The revised bill also “significantly strengthened our education laws by requiring the State Board of Education to review the middle school and high school curriculum and to consult with the North Carolina Council on the Holocaust and North Carolina Center for the Advancement of Teaching to integrate education on the Holocaust and genocide into English, Social Studies, and other courses, as appropriate.”
The bill provided for “the development of a state-wide Holocaust Studies elective for middle schools and high schools and required the state Department of Public Instruction and local boards of education to provide professional development to ensure the appropriate implementation of this Act, working with the NC Council on the Holocaust.”
The bill finally passed in 2021 and provides funds from the state budget for two years to be used in preparation of the curriculum to be implemented in the classroom beginning in the 2023-2024 school year. It is possible that implementation of the Act could be delayed, but that would require a change in the law.
The Act’s reach is statewide, forming part of the NC Standards for Grades 6-12. Teachers will be required to attend professional development created by the state to teach content and strategies for the subject matter. The schools’ leadership in each school, school systems’ central office personnel, and the Department of Public instruction will attempt to ensure that the curriculum is consistently taught from classroom to classroom and school district to school district.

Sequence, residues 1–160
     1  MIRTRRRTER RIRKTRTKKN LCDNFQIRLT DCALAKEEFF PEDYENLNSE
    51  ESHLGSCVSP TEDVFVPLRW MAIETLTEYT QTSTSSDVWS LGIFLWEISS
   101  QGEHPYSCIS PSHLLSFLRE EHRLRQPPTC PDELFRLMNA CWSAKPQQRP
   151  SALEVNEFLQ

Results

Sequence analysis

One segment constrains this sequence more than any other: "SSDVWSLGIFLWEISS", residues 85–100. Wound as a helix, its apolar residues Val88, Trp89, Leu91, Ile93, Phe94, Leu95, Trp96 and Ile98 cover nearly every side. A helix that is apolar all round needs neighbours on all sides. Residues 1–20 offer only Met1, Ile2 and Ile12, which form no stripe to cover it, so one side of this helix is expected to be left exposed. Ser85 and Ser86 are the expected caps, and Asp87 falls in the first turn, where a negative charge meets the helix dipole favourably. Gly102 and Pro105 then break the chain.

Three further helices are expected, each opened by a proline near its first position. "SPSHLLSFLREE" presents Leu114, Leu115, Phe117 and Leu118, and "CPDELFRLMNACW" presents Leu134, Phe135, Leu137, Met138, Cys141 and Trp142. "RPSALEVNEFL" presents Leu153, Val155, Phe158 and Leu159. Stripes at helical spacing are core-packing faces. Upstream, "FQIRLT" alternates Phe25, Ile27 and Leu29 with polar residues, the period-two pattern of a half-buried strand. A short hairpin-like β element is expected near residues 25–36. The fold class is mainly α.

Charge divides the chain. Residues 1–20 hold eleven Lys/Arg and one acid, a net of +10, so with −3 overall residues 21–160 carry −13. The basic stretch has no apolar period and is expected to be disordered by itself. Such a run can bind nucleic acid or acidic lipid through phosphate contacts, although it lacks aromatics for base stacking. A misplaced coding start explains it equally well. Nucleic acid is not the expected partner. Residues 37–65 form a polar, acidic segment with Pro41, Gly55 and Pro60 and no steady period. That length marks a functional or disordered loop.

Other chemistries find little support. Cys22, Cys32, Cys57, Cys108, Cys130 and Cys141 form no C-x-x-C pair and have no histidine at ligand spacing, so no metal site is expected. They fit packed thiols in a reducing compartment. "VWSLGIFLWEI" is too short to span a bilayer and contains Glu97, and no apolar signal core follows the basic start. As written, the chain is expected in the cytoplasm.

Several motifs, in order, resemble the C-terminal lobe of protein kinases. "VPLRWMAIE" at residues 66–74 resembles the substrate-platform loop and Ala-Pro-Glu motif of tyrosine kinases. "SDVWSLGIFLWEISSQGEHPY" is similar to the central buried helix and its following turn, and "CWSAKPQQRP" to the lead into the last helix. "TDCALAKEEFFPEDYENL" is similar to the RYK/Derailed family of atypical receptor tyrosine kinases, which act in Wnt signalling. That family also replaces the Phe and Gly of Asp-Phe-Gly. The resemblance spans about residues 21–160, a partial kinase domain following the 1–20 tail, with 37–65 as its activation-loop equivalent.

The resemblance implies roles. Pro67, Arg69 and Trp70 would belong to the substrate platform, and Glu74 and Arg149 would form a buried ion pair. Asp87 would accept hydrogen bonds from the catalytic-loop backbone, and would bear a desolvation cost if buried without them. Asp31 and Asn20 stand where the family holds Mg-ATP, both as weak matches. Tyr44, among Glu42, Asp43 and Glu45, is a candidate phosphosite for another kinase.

I believe while the Jewish community stands to benefit from this Act, unfortunately it addresses only a small part of what should be taught in classrooms regarding the true history of our country and world. There are many ethnic, religious, racial, and other groups that have not had their histories accurately portrayed. As Jews, we need to be active in speaking out for others. Accurate and complete history must be taught to every student, as we all have contributed to this country.
If you are interested in receiving updates or have any questions, please contact the author at [email protected].
Posted on December 14, 2022 by Jessica Wakeman on MountainXpress
Abby Lublin wants to talk about Jewish joy.